All of this press coverage is great, and has helped to identify the real dangers of sitting. Unfortunately, all of these stories tend be pretty vague about what to do instead of spend all day on your ass.


First off, you don't need to buy a standing desk to get some of the benefits of standing. You can start small. Even something as minor as taking a 5-minute standing break every hour is better than sitting all day. You can stack boxes on your desk, or do what I have done for two months and work from a kitchen counter. (I used to work on my couch with my bulldog snoring next to me.)  [Editor's Note: Half way through edits, the research included in this piece terrified me so much that I had to stop and grab a bench and stack it on my desk. ]

Stephanie Smith, for Men's Health, has some tips on how to standing up at your desk: Wear footwear with padding, get used to standing slowly, over time, and to stand with one leg slightly resting on a raised object to give your spine room to flex naturally. Also, don't be afraid to lean on your desk a little.

There are perks, aside from the health concerns above. Mainly, elevated energy levels and calorie burning. Stephanie Smith says, "Studies show that standing burns 40 percent more calories than sitting, and that just 2.5 hours on your feet per day burns 350 calories—that’s 20 pounds per working year."

I am burning a lot more calories by standing (and fidgeting, and even sometimes dancing, which is kind of the point) than if I was sitting all day. But I think best of all is the intangible benefit of staying focused and energized throughout the day. In my sedentary life, I usually crash pretty hard around mid-afternoon. When I stand, I find that I am alert and attentive all day long. The WSJ piece echoes this, quoting a Facebook employee who stands with a company-provided desk: "Greg Hoy, 39 years old, asked for a standing desk shortly after joining Facebook seven months ago as a design recruiter. "I don't get the 3 o'clock slump anymore," he said. "I feel active all day long."

If you need more reason to stand while you work instead of sit, know that Ernest Hemingway stood while he worked. So did Thomas Jefferson, Leonardo DaVinci, Benjamin Franklin and Valdimir Nabokov. On the contrary, Winston Churchill once said, "Why stand when you can sit, and why sit when you can lay down?" However, it turns out that Churchill was not being completely honest when he said this–Churchill stood when he worked, too. And he lived until 90.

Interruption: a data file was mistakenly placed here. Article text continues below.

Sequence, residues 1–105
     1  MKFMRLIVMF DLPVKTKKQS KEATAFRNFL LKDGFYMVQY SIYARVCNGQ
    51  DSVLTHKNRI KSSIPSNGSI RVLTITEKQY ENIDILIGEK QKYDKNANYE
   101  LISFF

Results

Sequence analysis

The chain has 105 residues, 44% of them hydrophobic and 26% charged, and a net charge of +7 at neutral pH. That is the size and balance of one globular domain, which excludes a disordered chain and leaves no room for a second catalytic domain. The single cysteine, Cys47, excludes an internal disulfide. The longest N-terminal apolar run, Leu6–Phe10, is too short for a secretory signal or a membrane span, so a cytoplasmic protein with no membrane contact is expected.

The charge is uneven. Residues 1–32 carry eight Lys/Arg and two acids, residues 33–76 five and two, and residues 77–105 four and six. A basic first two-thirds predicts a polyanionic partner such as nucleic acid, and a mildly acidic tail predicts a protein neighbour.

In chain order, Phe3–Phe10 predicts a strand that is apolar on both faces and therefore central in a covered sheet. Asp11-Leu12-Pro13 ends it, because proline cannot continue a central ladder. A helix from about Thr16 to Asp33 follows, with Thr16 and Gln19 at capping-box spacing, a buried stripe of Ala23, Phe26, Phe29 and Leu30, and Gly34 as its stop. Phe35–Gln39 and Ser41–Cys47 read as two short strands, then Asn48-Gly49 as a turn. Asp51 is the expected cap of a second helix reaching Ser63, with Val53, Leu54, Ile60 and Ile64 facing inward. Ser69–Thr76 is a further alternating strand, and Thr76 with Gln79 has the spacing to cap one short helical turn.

Standing all day long is not that healthy, either. TIME Magazine quotes Alan Hedge from Cornell University, who claims that standing 8 to 10 hours a day can lead to increased varicose veins, and a ninefold increase rate in carotid atherosclerosis (constricted arteries). This is a valid point, but I'm guessing that most people out there do not spend 8-10 hours a day standing. They instead spend that time sitting. So I still think that standing is better than sitting, just as long as you take some breaks. Because remember, the enemy is not sitting–it's sitting all day.

When you are new to it, standing can feel tiring, and your feet can hurt. Just how uncomfortable the first week or two might feel depends upon how sedentary your current lifestyle is.

Above all, we recommend moderation with your standing. My uber-healthy sister is about a a 85:15 ratio of standing to sitting, and Shane Harris from Washingtonian Magazine is at a similar ratio. Gina Trapini formerly of LifeHacker is more like 70:30. Find your own workable ratio. Also, while there's no science backing this, you'll be more comfortable standing if you're in flat shoes, or barefoot, and definitely with some type of soft mat underfoot. It'll make the transition that much easier.


Did you know you can design your own stand-up desk? I found a pretty genius approach at that combines parts from 4 different Ikea products in order to create a standing work station. It’s not adjustable, so you have to build it to the height that works for you, but it’s one of the best standing desks I’ve found on the Internet. Apartment Therapy has a few more options for making your own.

In fact, the inherently DIY nature of standing desks makes it hard to find “the authority” on the best desk on the market. I’ve tried to read about or personally speak with a bunch of people, especially journalists, who have worked at a standing desk for at least a few months. There is no consensus on what purchasable desk works best. In fact, most of the people I spoke with made their own. But there is consensus on what to look for in a good desk.

Your company, if it's a big one, might splurge for you. More on those later.


If you already have a desk that you love, and you don't want to replace it, consider the Kangaroo Pro Junior. It's definitely what I would get.